The County News
(Editor’s note): this news story expands on the original version published on Jan. 24.
Residents applauded Rocky View’s decision to quash a proposal to build about 300 homes, a hotel and commercial space in the former Wintergreen ski hill.
On Jan. 23, the council of Rocky View County turned down on a 7-2 vote the Resorts of the Canadian Rockies (RCR) proposal, on a motion of area Coun. Mark Kamachi.
“The newly appointed Council has done the right thing to refuse the application,” said area resident Henk van Klinken. “There were too many unresolved issues to let the developer proceed with the project.”
Wintergreen resident Dr. Bernie Luft commended the County’s planning department for “their responsible and objective evaluation of the increased safety hazards that were inherent in the development conceptual plan.”
“It’s something that would affect the entire Wintergreen and greater Bragg Creek areas,” Luft added. “Not just the residents immediately adjacent to the proposed location.”
Luft and van Klinken were part of over 40 area residents who signed letters of concern after Nov. 28, asking council to reject the RCR proposal or reduce its size.
The RCR plan proposed an overall residential density about three times higher than allowed by the Greater Bragg Creek area structure plan. The plan also directs commercial development to the Hamlet of Bragg Creek.
Council granted the RCR proposal first and second reading on Nov. 28, but withheld third reading and directed County administrators to work with the developer on a list of outstanding items which included:
- A second emergency egress for West and North Bragg Creek
- Upgrades to a two-mile long road connecting Wintergreen to the Hamlet and Highway 22,
- Upgrades to the Bragg Creek wastewater treatment plant
- A second emergency egress from the proposed subdivision
County planner Johnson Kwan reported meeting with developer representatives and landowners twice in December – to no avail.
“Today, no additional information and no new technical studies have been provided to address outstanding technical issues,” he said.
As he had done on Nov. 28, Kwan recommended council to turn down the proposal.
According to the National Fire Protection Association (NFPA) standards, west and north Bragg Creek with 500 homes are required to have at least two access routes. Currently, the area can be accessed only through the Balsam Ave. bridge in Bragg Creek.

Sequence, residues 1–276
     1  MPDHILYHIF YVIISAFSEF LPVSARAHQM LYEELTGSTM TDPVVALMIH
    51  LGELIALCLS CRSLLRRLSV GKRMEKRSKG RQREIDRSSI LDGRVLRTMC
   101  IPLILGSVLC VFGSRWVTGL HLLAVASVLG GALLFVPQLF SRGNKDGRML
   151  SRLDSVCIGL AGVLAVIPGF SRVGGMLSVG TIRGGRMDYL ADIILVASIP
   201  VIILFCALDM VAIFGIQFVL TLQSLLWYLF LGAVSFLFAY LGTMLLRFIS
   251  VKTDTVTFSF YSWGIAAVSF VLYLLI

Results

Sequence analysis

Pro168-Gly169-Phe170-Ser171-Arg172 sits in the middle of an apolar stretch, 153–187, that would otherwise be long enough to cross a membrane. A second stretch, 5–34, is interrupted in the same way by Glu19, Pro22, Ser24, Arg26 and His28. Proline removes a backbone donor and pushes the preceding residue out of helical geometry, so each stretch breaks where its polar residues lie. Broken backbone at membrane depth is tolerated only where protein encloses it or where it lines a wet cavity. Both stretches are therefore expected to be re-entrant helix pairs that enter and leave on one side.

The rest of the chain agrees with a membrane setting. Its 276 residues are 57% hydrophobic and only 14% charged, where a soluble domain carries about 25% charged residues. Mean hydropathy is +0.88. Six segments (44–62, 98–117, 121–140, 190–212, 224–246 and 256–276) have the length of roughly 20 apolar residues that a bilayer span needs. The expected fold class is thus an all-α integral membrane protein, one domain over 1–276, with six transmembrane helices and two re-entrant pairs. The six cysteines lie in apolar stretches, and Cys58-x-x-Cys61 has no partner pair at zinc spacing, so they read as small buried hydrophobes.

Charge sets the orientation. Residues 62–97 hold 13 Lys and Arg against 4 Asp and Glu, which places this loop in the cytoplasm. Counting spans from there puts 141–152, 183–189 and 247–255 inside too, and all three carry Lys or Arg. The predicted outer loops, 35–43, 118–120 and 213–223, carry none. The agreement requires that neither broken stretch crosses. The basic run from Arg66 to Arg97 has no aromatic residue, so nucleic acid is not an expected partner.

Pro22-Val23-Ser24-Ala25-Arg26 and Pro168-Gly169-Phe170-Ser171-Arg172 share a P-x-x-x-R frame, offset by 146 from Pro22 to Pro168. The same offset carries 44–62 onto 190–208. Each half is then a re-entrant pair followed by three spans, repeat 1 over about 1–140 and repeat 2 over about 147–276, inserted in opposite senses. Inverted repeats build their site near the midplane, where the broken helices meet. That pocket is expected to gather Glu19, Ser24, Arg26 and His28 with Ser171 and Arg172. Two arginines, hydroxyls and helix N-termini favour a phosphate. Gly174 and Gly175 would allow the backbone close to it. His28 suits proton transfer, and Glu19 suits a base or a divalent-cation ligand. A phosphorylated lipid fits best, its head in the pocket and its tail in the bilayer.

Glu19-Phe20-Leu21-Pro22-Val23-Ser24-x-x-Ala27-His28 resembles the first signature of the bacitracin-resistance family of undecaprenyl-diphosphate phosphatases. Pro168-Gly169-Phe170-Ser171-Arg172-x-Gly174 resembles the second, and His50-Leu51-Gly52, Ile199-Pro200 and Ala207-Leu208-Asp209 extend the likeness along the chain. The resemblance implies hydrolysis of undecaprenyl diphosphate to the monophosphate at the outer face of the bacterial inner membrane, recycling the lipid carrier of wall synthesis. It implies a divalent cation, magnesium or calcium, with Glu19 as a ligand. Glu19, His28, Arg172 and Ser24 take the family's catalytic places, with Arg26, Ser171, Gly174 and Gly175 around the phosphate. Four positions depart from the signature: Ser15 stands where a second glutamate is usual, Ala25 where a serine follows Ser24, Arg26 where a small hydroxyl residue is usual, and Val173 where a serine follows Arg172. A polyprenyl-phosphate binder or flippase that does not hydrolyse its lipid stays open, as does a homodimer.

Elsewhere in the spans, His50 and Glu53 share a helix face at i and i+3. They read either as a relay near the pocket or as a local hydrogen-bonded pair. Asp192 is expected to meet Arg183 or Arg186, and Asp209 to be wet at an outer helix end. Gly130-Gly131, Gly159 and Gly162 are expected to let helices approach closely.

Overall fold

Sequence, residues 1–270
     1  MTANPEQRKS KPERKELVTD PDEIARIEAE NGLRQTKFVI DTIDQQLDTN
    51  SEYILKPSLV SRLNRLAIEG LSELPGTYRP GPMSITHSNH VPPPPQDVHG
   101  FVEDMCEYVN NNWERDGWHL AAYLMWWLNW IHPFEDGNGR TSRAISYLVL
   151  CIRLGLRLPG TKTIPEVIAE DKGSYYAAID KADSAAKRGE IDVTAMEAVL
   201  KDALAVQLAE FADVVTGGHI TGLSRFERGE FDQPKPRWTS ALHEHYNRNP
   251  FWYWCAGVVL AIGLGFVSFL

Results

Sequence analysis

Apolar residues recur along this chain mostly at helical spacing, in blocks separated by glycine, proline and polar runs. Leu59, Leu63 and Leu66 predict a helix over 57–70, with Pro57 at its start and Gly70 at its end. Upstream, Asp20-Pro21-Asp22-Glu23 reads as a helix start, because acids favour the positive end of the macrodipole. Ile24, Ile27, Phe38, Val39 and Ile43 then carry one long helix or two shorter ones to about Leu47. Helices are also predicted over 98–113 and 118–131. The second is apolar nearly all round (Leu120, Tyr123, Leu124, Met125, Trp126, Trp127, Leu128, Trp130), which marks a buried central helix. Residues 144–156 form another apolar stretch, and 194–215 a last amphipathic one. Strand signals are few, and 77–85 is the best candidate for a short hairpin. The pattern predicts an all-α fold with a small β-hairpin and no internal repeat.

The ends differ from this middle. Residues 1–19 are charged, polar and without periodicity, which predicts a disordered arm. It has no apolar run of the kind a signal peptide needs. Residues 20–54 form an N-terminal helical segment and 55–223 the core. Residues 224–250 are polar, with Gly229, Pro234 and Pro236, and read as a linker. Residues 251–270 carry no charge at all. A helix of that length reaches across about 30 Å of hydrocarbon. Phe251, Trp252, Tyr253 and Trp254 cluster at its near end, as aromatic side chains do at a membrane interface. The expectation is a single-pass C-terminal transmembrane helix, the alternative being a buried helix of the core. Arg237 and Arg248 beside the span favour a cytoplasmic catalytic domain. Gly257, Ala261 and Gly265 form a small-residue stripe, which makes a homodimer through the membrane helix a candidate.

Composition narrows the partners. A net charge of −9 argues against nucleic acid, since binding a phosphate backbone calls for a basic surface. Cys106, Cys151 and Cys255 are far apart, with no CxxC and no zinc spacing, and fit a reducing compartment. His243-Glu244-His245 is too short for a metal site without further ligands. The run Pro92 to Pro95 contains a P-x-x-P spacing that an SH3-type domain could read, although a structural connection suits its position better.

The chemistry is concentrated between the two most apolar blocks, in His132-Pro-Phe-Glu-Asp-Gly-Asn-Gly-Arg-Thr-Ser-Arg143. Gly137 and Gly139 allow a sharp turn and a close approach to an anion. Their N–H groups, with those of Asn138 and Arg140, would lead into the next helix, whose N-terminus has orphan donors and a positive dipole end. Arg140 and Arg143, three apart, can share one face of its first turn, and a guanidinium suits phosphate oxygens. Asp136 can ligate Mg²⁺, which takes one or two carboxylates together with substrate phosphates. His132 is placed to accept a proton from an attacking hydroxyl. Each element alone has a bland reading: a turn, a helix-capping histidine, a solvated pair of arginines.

“At the end of the day…the main purpose of a municipality is to develop and maintain safe and viable communities.” Coun. Mark Kamachi
Additionally, building just 100 homes in Wintergreen would have triggered the need for a third access point, as recommended by the NFPA for communities with over 600 residences.
RCR proposed to amend its two-and-a-half-year application to reduce the size of a proposed hotel to 50 rooms from 100. The second amendment proposed to “explore” funding for upgrades to Wintergreen Road – at subdivision stage. Kwan cautioned council that the developer would be able to appeal subdivision conditions to the Municipal Government Board, taking the matter out of council’s jurisdiction.
Assisted by outside legal counsel Joanne Klauer, council considered reopening public input, as new information could have become available after the closure of public input.
She said allowing a developer’s representative to speak to council on Nov. 28 after the closure of the public hearing could be deemed unfair, exposing any decisions on the matter to a potential judicial review.
Klauer said council could reopen the public hearing to make it even to all parties.
“My advice would be to consider taking a more prudent approach to procedural fairness,” she said.
Schule, who is back in council after having served several terms as councillor and reeve, said he would support either reopening the public hearing or immediate approval.
“If there was a motion to give third reading I would support it,” he said. “I would not support refusal either. I would support reopening the public hearing.”
However, Kamachi put forth a motion to reject the proposal entirely as recommended by administration, in view of lack of progress on outstanding technical issues and safety.
“I was open to see a lot more come back from the Nov. 28 meeting,” he said. “At the end of the day…the main purpose of a municipality is to develop and maintain safe and viable communities.”
Kamachi’s motion was approved with the opposing vote of Deputy Reeve Jerry Gautreau and Coun. Al Schule.
Gautreau said reopening the hearing was his preferred approach.
“Myself and Coun. Schule wanted this to go back to public hearing because we felt that this could go to a judicial review,” he wrote in a Jan. 26 email to the County News.
Both Gautreau and Schule then joined the rest of council in unanimously turning down the second part of the application – a change in the former ski hill’s land use designation that would have allowed for residential and commercial uses.
Van Klinken felt deficiencies in process led the proposal to a dead end.
“The municipality needs to take the lead from the early inception of such developments to guide the developer and the community towards a solution that fits with the overall vision for the community and the available infrastructure,” he said.
The community should also make sure there is a clear vision for its future, van Klinken added.
“The Area Structure Plan is an important document that documents this vision, and if an update of this plan is required, now would be the time to get together with the Rocky View planners and the community to develop this updated vision.”